On Dec. 4, the cameras onboard the Psyche spacecraft, which was launched on Oct. 13, 2023, took their first images while 26 million km away from Earth. It’s on its way to the Asteroid Belt, to investigate a unique asteroid Psyche, which isn’t primarily rock or ice, but metal. This is the first such mission.
The spacecraft has several instruments on board—a Multispectral Imager, Gamma Ray and Neutron Spectrometer, Magnetometer and X-band Gravity Science Investigation.
“The first image from Psyche shows stars in the constellation Pisces, which the spacecraft’s Multispectral Imager instrument happened to be pointing at when it was first turned on. Each of the instrument’s two identical cameras took one image, both of which were stitched together to create one picture,” noted NASA Spaceflight. “First light” refers to the first astronomical images taken by a new telescope or other instrument after its construction.
“’These initial images are only a curtain-opener,’ said Psyche imager instrument lead Jim Bell of Arizona State University. ‘For the team that designed and operates this sophisticated instrument, first light is a thrill. We start checking out the cameras with star images like these, then in 2026 we’ll take test images of Mars during the spacecraft’s flyby. And finally, in 2029, we’ll get our most exciting images yet—of our target asteroid Psyche. We look forward to sharing all of these visuals with the public.’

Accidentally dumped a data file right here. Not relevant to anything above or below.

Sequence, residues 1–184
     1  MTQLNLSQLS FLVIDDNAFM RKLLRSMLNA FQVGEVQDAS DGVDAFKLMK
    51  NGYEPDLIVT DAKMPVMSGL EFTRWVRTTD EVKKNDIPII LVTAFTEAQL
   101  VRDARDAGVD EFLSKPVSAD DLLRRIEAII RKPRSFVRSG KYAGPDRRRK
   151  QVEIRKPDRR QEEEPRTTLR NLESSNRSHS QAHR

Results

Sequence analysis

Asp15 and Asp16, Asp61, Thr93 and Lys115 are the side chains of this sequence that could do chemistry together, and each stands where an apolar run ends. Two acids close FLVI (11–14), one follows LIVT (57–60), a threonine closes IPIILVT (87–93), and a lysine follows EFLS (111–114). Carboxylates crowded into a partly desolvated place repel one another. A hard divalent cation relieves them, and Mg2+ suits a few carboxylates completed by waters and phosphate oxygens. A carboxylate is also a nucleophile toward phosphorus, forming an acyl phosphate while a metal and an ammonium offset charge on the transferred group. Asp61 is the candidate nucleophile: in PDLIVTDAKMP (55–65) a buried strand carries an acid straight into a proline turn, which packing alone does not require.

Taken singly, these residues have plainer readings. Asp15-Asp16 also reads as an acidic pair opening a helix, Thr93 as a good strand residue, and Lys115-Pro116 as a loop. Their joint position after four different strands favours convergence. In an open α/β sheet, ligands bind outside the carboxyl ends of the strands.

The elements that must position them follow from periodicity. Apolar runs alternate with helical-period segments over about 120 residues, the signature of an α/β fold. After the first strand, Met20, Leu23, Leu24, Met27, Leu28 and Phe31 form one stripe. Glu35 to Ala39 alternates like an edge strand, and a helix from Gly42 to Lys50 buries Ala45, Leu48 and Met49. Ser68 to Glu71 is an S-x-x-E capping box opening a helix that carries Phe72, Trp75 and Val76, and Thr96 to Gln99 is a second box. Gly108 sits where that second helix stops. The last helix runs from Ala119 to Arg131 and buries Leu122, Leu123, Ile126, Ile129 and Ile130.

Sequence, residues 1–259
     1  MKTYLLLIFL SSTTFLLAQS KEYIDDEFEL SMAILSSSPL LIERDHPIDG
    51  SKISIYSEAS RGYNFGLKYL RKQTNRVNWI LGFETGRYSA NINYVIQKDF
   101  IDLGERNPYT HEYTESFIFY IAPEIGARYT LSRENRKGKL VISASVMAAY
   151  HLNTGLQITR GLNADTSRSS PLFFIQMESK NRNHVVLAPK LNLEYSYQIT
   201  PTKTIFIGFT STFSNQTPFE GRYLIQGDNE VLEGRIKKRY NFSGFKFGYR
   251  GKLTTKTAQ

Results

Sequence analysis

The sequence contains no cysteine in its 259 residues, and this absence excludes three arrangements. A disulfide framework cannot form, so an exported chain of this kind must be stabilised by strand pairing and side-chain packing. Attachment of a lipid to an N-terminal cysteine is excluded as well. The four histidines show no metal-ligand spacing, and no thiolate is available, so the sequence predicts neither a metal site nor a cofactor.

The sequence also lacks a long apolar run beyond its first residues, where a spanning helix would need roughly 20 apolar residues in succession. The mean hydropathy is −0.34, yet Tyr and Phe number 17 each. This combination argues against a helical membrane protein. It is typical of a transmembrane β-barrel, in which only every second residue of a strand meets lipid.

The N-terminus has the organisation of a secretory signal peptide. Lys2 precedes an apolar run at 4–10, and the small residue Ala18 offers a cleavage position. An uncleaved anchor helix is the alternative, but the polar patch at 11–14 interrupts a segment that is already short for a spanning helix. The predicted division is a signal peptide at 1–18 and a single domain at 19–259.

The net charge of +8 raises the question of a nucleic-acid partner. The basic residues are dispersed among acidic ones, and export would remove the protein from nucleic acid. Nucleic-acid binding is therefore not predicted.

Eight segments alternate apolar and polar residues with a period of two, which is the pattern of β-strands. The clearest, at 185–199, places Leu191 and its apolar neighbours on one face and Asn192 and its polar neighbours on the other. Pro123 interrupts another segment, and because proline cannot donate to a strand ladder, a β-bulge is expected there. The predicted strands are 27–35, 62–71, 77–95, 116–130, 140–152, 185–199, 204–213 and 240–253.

“The team captured 68 images to test and calibrate the instrument and its filters. These filters allow scientists to observe 16 Psyche in different wavelengths of light and analyze the composition of the asteroid’s surface. Additionally, they will use the cameras to study Psyche’s geology and history by creating a 3D map of the asteroid.”
Psyche will also be using Deep Space Optical Communication, described in a previous briefing, to transmit data over these long distances.